That bleak focus makes for sequences that are genuinely frightening, such as when Gillian is possessed by Jimmy’s vengeful spirit. Other scenes are more winsome and flirty, especially when Sally starts to fall for Gary. There’s a darkly comic edge even as Sally and Gillian bury bodies and animate corpses, with their aunts flitting around in the background making enchanted margaritas. In Practical Magic, the Owenses’ bond is empowering but limiting: Sally has to exit her period of mourning and allow herself to fall for Gary so that she can cast aside her fears of the family curse (which isn’t lifted by the end of the movie).
For Gillian, ridding herself of Jimmy is like dumping the ultimate bad boyfriend: He becomes the man who won’t go away, who eventually (and literally) burrows into Gillian’s soul and has to be excised. Practical Magic is no Bewitched, where magic spells function as sitcommy plot work-arounds. Dunne wants the strengths and flaws of the Owens family to feel otherworldly. The final destruction of Jimmy’s ghostly form requires help from other women in the town, who unite to save Gillian; it’s a satisfying moment of sisterhood in a movie that grants very little agency to its male characters. “Strong, complicated women, they aren’t characters that are foreign to me,” Dunne said in an interview, reflecting on his film’s cult status years later. Unfortunately, such women are often foreign to Hollywood—but, occasionally, as Practical Magic proves, they can slip through the net and be remembered for decades.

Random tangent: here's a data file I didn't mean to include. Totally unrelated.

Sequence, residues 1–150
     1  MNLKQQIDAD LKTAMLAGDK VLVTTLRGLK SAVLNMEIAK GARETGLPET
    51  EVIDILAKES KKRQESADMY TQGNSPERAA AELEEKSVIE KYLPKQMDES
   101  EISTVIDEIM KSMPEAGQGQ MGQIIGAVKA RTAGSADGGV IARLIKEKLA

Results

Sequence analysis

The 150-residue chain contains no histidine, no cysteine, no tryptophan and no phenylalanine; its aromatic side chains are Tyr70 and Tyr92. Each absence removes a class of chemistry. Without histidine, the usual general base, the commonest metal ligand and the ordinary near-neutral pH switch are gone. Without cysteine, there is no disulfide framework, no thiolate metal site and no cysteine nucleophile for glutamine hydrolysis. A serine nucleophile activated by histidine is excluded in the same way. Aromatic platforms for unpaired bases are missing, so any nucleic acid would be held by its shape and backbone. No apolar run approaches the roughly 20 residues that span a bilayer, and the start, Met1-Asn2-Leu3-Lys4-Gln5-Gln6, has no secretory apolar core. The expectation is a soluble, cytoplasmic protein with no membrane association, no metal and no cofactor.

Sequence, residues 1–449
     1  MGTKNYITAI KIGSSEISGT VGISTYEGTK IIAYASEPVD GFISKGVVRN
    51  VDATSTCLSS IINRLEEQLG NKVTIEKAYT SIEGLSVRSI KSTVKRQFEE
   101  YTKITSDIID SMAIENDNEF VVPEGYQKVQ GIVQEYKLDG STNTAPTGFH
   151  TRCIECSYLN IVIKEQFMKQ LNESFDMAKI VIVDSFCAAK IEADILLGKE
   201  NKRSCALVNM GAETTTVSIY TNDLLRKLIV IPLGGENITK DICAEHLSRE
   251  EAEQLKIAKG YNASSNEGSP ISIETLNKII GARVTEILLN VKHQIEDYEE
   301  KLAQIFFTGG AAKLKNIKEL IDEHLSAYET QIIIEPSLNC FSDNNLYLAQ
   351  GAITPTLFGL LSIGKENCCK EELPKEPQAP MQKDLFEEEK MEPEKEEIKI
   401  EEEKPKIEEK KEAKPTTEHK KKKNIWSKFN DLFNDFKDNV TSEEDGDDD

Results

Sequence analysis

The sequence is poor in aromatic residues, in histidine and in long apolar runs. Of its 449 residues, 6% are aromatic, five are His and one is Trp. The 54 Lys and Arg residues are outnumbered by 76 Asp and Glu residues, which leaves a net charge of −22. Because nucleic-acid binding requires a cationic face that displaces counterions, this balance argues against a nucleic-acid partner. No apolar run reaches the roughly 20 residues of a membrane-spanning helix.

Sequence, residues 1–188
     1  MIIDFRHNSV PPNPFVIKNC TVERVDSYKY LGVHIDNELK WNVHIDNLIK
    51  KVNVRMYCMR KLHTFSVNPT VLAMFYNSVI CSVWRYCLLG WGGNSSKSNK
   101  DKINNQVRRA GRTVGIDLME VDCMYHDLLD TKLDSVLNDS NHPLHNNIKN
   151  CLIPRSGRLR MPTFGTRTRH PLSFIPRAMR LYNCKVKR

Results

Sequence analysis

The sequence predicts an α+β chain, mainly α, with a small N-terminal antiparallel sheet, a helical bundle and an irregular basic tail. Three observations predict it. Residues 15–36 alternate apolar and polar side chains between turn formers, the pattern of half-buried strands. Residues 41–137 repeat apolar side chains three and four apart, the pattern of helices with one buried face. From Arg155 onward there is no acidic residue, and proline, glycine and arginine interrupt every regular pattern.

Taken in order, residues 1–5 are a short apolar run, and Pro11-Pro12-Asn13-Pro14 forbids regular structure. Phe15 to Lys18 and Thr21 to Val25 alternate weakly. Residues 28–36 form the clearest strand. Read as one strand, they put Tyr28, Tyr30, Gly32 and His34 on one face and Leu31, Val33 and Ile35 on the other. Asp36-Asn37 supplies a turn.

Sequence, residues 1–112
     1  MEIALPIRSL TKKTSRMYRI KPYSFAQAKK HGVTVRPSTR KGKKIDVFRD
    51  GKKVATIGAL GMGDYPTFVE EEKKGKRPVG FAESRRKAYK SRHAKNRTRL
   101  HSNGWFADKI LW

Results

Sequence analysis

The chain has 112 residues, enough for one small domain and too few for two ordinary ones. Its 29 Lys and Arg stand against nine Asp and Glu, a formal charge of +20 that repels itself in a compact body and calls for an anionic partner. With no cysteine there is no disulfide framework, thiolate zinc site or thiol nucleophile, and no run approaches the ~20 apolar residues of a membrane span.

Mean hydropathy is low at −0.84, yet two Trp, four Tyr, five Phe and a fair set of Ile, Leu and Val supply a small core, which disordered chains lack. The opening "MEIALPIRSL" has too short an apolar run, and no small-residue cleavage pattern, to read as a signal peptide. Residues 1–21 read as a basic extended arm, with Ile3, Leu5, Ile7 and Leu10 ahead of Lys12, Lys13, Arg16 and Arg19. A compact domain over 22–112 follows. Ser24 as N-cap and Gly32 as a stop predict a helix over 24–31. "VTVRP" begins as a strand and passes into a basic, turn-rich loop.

* This story originally misstated the cause of Jimmy Angelov’s death.